You’ve never been around horses before and have no idea how to handle them, YouTube videos haven’t helped and you don’t want to go into your first equine job with no clue, so what are you supposed to do? To be honest, learning the skills needed to work with horses is a very hands-on learning experience.
There are many different courses you can take – from college courses that focus on horsemanship as part of a degree to more career-based industry programs – and many stables are more than willing to teach a good worker the skills needed. Keep in mind that the skills you’ll need to handle a racehorse will be slightly different than those you’ll need to handle a foal so the skills you learn in one part of the industry may not fully transfer over to another part.
One way to learn the skills you’ll need without going to a university is through a program such as Thoroughbred Industry Careers’ Explorer Cadetship Program or the Thoroughbred Breeders Australia’s 12 month Fast-Track program. In both cases, you will take both classes to learn about the more theoretical side of horses such as nutrition in addition to work placements.
Programs such as Thoroughbred Breeders Australia’s and other similar ones will have you mostly working at a stud where you will learn everything from foaling out mares to yearling prep. If you want to focus more on an all-around aspect so you feel more prepared with your skills if you go into stud work or track work, the Explorer Cadetship provides more of that all-around education.
Like most other equine programs, the Cadetship kicks off with a “boot camp.” This is a useful first part of the course because you won’t be thrown right into the working environment where you have to learn all the skills while you work. This 12 week course will teach you everything from the basics of riding thoroughbreds, with the program tailored to suit a varying level of abilities, to pedigrees of thoroughbreds.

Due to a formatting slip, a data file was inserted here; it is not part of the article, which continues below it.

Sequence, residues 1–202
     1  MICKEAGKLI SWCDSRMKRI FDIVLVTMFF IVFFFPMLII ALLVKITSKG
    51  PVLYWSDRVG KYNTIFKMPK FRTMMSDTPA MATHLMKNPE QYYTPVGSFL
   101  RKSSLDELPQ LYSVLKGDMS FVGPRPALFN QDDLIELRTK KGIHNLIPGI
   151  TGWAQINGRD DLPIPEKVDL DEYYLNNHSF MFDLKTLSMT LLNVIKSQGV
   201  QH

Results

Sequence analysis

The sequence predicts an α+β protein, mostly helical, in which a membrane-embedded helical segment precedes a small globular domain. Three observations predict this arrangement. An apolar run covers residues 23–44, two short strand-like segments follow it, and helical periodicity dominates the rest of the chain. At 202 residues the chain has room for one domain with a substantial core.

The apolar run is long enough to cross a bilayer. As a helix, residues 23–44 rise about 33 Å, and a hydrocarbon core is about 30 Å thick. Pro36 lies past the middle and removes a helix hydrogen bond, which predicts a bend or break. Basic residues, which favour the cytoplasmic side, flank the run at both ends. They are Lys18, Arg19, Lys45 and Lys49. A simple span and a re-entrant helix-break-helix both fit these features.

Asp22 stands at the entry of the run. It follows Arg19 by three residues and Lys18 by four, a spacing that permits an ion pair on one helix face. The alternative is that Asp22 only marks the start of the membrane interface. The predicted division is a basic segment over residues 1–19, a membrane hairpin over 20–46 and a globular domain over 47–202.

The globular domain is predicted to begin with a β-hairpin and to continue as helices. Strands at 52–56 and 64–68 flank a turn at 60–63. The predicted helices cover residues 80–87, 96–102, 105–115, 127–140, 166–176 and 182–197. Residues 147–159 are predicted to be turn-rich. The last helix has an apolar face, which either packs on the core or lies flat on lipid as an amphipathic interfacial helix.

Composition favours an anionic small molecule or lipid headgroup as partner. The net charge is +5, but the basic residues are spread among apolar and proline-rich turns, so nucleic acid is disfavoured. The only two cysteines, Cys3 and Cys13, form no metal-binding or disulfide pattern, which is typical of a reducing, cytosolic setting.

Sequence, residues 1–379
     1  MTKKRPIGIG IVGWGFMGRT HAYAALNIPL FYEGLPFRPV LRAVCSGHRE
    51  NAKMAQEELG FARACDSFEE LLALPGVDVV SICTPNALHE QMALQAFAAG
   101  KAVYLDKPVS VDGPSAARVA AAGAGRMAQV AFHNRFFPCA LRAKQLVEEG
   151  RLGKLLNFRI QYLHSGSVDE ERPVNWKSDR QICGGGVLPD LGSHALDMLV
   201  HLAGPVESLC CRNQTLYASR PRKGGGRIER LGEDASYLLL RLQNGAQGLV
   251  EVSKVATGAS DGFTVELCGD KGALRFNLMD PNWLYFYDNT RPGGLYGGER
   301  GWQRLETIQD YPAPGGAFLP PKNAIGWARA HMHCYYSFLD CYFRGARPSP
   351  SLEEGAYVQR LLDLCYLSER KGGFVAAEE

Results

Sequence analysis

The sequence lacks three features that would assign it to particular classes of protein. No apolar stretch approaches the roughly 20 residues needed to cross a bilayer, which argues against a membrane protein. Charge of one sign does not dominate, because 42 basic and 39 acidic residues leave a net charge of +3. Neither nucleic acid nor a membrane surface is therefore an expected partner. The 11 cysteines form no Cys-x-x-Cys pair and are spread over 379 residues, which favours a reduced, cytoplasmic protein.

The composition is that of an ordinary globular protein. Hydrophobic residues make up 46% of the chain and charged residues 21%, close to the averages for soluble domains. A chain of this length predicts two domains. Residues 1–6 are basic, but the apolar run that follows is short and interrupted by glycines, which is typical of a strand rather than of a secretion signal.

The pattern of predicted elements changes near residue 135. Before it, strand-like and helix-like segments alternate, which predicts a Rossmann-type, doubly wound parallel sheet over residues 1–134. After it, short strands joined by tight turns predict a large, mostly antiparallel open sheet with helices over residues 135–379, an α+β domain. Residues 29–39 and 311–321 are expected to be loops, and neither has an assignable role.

This part will also let you see the industry first hand through “Industry Days” so you can meet potential future employers and see the skills you’re learning play out in real-life situations. Since racing is about working in teams, horse skills aren’t the only thing you’ll need to learn. Speaking classes and courses on how to resolve conflicts are also a few of the other things you’ll learn here.
But as we all know, there is only so much classes can teach you, even if they have hands-on components. You’ll also get a chance to use the horse handling skills you’ve learned through the “boot camp” with a racing stable placement followed by a stud farm placement.
The great thing about horses is that there’s never just one way to do something so no matter what stable you go to, you’ll learn something new.
An important thing to keep in mind as well is that each stable likes things done just a tad different. So to make sure you learn as much as possible – something that is always important with horses – you need to go into each job or placement with an open mind. Believe it or not, there is more than one way to muck a stall (and the same stable may muck them three different ways depending on the day!)
As said earlier, you’ll need different skill sets depending on which part of the industry you’re in so the ability to work at both a racing stable and stud farm in the Cadetship will help you further your career and your all-around skill set.
While a racing stable will have you working with racehorses in a fast-paced environment where you need to move at a quick pace with horses who may often be on their toes, in a stud environment you may need to slow the pace down a bit.
This doesn’t mean that you’ll be having an easier time of it or it’s more of a laid back environment, but learning the skills needed to move slowly to achieve goals with foals or flighty yearlings that haven’t been handled as much as racehorses is useful. The good thing is that many of the skills you learn while working with racehorses or breeding stock will give you something else in your arsenal when moving to a different sector of the industry.
The great thing about horses is that even when your formal education is over, you won’t stop learning. While programs working hands-on will teach you the basic and even more advanced skills that you need to safely and efficiently work with horses, even after 50 years in the industry you’ll continue adding to your skill set every day.